Supported PHP language packs
When you import a PHP file into Loco, it will check first if the file has a formal language pack structure. Generally this structure will be one or more arrays. Anything not matching such a structure will fall back to generic string extraction.
Supported language pack formats are as follows:
Symfony PHP language packs are a simple array format in a return statement:
return array ( "hello" => "Hello World", );
This would be imported as a single asset with ID
hello and source text
See Symfony docs
Zend Framework's format is very similar to Symfony, except for the way it deals with plural forms.
return array ( 'apple' => array ( 0 => '1 apple', 1 => '%u apples', ), );
This will import two Loco assets where
"%u apples" is the plural form of
See Zend docs
CodeIgniter's array format uses a separate statement for each value because the language array is global across the entire framework. e.g.
$lang['example_hello'] = 'Hello World'; $lang['example_goodbye'] = 'So long!';
See CodeIgniter docs
Arbitrary / dynamic code
The language pack parsers described above are strict, because Loco doesn't actually execute the code. It just looks at it.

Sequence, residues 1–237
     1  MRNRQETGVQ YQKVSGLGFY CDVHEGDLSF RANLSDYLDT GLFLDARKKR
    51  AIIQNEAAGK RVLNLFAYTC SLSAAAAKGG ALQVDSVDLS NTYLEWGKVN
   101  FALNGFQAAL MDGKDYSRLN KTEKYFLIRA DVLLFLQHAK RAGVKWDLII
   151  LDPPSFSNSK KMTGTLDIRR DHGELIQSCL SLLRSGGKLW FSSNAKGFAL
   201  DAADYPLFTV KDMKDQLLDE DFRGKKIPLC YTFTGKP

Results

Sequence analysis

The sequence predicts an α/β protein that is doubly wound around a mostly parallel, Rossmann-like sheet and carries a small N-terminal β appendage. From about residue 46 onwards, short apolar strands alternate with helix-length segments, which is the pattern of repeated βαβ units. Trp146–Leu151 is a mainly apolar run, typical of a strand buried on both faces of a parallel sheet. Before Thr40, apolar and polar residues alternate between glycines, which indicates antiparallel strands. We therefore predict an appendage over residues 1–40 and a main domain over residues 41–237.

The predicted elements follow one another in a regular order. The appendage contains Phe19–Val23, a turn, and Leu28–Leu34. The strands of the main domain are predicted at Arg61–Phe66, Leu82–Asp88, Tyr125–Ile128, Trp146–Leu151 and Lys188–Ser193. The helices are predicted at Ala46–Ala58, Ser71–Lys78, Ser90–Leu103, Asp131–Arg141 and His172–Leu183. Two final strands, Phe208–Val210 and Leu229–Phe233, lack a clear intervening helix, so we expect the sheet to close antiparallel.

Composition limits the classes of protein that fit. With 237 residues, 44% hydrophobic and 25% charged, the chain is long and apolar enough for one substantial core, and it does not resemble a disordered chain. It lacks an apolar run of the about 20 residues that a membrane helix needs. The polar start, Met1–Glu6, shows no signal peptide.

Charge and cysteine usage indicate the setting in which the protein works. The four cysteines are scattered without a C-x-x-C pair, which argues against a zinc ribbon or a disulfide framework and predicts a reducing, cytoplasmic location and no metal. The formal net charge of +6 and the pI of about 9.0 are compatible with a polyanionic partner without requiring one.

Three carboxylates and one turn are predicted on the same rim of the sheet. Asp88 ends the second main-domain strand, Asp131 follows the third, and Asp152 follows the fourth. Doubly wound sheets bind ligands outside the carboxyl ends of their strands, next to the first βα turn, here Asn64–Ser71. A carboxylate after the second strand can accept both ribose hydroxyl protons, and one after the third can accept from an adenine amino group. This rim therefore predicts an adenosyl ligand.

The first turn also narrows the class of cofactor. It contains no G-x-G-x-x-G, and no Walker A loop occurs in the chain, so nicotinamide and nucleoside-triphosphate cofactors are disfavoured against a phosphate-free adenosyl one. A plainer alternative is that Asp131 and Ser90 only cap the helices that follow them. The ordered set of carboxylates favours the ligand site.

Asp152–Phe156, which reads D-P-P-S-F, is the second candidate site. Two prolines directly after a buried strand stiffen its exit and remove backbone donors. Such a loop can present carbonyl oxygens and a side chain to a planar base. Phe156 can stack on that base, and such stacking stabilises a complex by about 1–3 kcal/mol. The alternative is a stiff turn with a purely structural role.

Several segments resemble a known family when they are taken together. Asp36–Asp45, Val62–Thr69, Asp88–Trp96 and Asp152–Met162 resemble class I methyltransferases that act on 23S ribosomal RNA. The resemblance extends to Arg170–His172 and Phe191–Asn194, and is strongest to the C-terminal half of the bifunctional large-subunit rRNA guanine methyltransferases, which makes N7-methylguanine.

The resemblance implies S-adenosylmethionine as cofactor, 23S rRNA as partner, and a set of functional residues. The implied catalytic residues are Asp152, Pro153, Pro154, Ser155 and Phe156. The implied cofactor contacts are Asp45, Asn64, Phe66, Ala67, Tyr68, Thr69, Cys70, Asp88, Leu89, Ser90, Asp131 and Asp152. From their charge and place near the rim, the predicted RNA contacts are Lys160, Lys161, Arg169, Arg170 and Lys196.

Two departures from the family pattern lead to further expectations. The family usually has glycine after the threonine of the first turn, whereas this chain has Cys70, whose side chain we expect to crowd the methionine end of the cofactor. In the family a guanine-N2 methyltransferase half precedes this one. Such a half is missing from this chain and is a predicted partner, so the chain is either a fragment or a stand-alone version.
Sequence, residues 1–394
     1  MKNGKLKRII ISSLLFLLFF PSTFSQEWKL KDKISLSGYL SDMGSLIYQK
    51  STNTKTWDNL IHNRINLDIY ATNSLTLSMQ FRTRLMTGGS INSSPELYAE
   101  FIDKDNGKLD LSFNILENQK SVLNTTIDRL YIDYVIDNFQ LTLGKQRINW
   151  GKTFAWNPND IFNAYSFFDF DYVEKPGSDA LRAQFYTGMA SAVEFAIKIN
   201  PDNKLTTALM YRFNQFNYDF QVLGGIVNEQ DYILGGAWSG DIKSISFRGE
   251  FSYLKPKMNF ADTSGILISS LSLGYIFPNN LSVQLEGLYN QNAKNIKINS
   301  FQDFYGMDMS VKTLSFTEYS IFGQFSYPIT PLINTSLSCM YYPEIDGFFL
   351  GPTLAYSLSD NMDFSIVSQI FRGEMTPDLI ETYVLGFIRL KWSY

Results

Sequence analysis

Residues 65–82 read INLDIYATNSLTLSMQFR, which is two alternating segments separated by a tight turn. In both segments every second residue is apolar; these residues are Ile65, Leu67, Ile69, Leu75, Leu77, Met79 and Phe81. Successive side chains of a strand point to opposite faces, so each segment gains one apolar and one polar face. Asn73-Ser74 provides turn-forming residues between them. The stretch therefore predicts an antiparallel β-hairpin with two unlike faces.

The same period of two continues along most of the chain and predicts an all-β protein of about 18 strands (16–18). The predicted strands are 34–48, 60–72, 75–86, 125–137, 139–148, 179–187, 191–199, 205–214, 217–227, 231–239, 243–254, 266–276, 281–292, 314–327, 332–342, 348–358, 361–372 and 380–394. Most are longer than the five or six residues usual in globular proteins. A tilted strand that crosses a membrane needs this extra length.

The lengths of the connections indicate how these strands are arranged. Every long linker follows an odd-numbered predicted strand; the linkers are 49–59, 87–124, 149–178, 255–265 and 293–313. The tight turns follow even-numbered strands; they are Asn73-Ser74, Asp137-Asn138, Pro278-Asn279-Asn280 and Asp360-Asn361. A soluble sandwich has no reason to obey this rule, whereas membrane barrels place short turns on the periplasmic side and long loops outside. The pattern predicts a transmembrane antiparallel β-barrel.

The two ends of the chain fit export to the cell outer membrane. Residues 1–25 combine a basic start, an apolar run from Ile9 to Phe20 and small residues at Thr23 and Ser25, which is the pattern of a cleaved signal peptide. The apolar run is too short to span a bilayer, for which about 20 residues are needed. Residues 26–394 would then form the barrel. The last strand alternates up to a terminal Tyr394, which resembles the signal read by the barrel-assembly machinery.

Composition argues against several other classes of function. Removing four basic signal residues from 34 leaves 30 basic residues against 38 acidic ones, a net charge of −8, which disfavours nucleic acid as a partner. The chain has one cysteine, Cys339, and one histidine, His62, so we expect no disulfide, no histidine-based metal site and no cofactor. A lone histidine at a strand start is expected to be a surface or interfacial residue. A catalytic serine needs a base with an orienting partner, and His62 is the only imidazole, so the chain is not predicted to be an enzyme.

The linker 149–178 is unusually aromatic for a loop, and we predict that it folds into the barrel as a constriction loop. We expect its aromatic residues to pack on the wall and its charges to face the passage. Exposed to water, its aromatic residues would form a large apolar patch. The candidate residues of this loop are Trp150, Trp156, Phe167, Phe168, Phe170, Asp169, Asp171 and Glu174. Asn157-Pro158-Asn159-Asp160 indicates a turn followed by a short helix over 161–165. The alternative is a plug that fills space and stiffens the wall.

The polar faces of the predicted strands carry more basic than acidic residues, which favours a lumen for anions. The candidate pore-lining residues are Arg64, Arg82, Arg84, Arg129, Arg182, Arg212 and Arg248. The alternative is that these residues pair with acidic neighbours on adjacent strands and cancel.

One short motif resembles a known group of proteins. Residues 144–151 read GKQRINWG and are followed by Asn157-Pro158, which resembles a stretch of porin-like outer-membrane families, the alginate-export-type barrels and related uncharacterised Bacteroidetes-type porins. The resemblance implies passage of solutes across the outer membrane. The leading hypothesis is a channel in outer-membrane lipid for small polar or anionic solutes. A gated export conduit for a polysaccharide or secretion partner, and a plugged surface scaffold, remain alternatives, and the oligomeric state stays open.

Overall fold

PHP comments are ignored, but dynamic code is not. If Loco encounters anything that isn't an array of literal values it will not be treated as a language pack. For example, the following will not be parsed by Loco:
return array ( $key => "value", 'foo' => 'bar'."\n".'baz', 'name' => $customName, 'place' => getLocation(), )
Any one of these entries would fail the language pack check, meaning that Loco will treat the whole file as arbitrary code and extract it as follows:
Extracting from any source code
If your PHP file is not identified as a language pack, the importer will fall back to a generic string extraction process based on xgettext. If you're working with Gettext (or WordPress) this may be your original intention.
The extraction process looks for translation function calls. For example the following would produce a single asset with the source translation
"Hello World" because
__ (double underscore) is a WordPress translation call:
arbitraryCode("ignored"); echo __("Hello World","myApp");
The full list of functions Loco can identify is not listed here, but includes the translation functions used by Symfony, Drupal, WordPress and the PHP Gettext extension.